Emotional Intelligence Employee Engagement Leadership Motivation Organisational Culture Teamwork Values and Behaviours

Incorporating fun into the workplace

Is your workplace having fun? As counterintuitive is it may seem, incorporating fun into the workplace can create a big boost in productivity. Indeed some of the most successful companies in the world are also some of the most fun places to work. Mind you, not every employer wants to follow Google’s example and start an in-house bowling alley and “beer Fridays”, but sharing a few laughs with your employees can make them healthier, happier and able to work harder.

So what are the benefits of laughing in the workplace? From a medical standpoint, laughter is a great way to increase blood flow and lower stress. Studies show that excessive stress weakens your immune system, and also increases the chance of blood clots. Studies also show that laughter can act as a “safety valve” for negative emotions – people overcome work pressure by sharing a laugh in the office.

According to Cultural Anthropologist Mahadve Apte, laughter can also help individuals to bond with one another. “Laughter occurs when people are comfortable with one another, when they feel open and free. And the more laughter there is, the more bonding occurs within the group.” So having a laugh once in a while will help to build a strong team, as well as reduce conflicts by lowering tension within the group.

Interestingly though, studies have also shown that employers are more likely to laugh in the workplace than their employees, and when employees do laugh it’s normally with their employer. As employers are in a position of power, they are the ones that set the mood for the rest of the group. As a leader, it’s your responsibility to facilitate, or at least accommodate, a good mood in the workplace.

So how do you facilitate fun in the workplace? One good way is to hold team building activities. These activities can help your employees get to know each other better, and can also help to break up routine. Better still, engage a facilitator who can design activities that are fun, but have a work related learning outcome.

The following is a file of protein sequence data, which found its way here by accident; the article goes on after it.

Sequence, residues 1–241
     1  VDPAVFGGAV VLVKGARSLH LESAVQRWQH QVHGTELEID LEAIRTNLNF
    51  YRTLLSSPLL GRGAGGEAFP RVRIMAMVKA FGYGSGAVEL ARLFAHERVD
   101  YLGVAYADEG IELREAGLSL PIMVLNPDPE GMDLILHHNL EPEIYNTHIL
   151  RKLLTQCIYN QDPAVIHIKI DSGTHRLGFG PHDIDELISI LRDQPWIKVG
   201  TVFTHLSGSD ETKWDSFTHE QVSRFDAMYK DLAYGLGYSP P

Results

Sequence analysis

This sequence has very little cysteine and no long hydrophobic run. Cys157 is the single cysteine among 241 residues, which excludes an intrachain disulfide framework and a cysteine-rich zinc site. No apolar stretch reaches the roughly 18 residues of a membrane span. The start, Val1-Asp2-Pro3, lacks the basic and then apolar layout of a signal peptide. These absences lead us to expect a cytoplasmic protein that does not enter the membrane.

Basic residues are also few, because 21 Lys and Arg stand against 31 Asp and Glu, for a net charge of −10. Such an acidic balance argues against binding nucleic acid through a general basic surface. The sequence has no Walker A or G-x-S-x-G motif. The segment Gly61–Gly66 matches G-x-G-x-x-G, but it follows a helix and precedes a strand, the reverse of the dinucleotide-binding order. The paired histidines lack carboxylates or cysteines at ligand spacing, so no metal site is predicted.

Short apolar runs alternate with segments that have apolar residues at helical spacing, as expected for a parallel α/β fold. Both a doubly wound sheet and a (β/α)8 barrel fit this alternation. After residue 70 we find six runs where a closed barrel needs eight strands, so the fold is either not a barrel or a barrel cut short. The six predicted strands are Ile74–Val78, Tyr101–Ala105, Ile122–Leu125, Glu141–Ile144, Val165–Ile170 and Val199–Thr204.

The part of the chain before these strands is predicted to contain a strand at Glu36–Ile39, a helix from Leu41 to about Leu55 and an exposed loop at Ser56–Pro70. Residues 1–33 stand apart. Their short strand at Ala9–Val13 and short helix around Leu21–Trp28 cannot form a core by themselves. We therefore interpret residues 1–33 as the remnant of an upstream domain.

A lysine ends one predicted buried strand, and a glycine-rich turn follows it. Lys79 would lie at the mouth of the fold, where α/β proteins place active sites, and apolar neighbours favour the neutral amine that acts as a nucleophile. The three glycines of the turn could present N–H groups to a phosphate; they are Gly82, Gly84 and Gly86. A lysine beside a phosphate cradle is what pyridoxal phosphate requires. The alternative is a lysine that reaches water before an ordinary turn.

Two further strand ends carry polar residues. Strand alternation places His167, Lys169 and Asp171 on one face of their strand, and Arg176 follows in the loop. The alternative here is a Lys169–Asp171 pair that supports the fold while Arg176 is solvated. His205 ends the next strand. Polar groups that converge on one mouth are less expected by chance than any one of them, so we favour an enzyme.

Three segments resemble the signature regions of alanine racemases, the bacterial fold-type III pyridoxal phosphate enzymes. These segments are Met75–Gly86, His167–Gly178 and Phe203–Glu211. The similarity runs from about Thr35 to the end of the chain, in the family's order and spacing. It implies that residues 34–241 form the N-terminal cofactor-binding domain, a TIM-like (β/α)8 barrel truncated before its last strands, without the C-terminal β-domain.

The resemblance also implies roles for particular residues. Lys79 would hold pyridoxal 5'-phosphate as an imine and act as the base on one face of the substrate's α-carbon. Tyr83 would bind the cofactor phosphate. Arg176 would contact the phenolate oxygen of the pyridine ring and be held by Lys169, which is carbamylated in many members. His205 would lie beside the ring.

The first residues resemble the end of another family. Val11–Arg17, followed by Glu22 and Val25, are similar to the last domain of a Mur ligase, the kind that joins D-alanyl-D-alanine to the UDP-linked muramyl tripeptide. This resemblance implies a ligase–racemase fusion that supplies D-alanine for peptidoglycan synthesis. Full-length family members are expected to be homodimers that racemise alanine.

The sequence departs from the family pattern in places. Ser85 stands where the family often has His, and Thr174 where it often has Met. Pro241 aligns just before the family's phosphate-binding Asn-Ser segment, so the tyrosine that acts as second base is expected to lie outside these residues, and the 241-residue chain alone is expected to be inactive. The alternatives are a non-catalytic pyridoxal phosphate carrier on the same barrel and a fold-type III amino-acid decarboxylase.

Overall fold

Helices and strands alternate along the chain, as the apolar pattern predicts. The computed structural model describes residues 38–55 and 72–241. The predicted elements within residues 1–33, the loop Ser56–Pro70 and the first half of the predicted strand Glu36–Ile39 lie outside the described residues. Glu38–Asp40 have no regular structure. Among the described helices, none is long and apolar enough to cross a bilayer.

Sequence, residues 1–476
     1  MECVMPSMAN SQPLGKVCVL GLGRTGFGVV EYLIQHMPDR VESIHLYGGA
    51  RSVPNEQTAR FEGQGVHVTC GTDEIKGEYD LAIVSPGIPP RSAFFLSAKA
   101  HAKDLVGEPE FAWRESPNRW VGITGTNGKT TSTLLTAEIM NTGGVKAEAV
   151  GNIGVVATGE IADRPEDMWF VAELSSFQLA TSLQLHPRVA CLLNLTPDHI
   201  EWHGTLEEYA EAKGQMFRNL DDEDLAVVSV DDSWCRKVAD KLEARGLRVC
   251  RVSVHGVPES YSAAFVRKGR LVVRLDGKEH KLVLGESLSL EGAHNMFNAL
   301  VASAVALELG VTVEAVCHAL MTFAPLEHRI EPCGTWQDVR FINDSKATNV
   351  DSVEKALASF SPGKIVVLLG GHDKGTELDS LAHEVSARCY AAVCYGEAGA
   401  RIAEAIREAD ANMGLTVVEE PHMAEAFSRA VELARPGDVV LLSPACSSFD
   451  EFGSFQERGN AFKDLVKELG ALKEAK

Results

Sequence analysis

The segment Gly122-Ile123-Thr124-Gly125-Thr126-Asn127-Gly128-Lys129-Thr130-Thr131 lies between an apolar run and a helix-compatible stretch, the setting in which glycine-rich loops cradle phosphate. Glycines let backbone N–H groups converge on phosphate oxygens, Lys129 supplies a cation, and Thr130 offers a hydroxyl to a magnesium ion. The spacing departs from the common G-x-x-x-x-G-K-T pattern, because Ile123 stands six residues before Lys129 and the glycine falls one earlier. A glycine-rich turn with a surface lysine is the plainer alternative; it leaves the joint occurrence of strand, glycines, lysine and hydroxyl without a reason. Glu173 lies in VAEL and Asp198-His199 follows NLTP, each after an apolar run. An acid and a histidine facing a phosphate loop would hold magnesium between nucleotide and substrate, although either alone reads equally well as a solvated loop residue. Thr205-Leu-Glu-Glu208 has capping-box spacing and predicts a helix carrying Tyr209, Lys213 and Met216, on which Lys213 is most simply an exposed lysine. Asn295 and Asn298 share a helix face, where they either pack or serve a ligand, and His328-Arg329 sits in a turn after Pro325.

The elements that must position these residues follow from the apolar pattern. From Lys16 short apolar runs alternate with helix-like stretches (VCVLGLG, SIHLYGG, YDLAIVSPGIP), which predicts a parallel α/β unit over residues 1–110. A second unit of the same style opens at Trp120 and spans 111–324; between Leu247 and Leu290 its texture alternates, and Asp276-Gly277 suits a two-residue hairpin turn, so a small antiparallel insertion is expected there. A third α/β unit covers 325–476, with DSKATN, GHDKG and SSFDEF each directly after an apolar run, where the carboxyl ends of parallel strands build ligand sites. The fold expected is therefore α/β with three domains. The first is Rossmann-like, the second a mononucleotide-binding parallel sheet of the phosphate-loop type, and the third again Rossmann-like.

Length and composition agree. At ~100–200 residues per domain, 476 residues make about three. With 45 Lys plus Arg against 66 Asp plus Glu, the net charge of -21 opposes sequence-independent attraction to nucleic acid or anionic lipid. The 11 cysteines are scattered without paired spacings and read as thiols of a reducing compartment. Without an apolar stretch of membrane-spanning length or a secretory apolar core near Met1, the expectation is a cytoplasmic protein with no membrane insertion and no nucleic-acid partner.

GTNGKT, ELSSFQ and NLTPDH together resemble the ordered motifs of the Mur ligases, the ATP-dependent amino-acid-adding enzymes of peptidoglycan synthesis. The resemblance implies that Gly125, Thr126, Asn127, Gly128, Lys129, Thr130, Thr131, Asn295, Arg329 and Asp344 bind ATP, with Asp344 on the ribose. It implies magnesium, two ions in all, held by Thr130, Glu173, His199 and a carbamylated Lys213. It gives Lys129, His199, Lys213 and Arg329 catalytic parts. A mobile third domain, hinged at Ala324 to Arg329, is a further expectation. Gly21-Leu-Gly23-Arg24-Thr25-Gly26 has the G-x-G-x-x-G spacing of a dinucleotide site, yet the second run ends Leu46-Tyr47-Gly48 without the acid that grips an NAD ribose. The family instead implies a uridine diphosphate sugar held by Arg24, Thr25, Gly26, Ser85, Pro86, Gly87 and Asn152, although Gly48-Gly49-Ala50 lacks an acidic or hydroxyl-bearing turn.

Celebrating people’s birthdays and other special occasions is also great way to have a bit of fun and let people know they are appreciated.  Having “casual clothes” Fridays creates a more informal setting in which your employees can get to know each other.

Have a think too about your leadership style. Leaders who put unrealistic pressures on people, who perhaps micro-manage or who are overly critical tend to create a high stress environment which discourages people from innovating and being creative. Instead, set a clear vision and direction then let your people develop a passion for their work, one that lets them be creative and puts them in control.

But above all, always make sure you’re laughing with your employees, not at them. Employers are in a position of power, which means employees will feel less inclined to defend their position when made fun of, and may even laugh along. In the long-term, however, it will only heighten stress and negativity in the workplace.

Creating a fun and relaxed environment can help to boost productivity, innovation and long-term commitment. As a leader, being approachable and relatable is far more effective than distancing yourself from your employees, and sharing a laugh is a great way to do that.

Rosalind Cardinal is the Principal Consultant of Shaping Change, an Australian consultancy, specialising in improving business outcomes by developing individuals, teams and organisations.

Ros is a solutions and results oriented facilitator and coach, with a career in the Human Resources and Organisational Development field spanning more than 25 years.  Ros brings an energetic and proactive approach combined with a wealth of knowledge and experience. Her expertise spans leadership development, organisational culture, team building, change and transition management, organisational behaviour, employee engagement and motivation, strategic direction and management.

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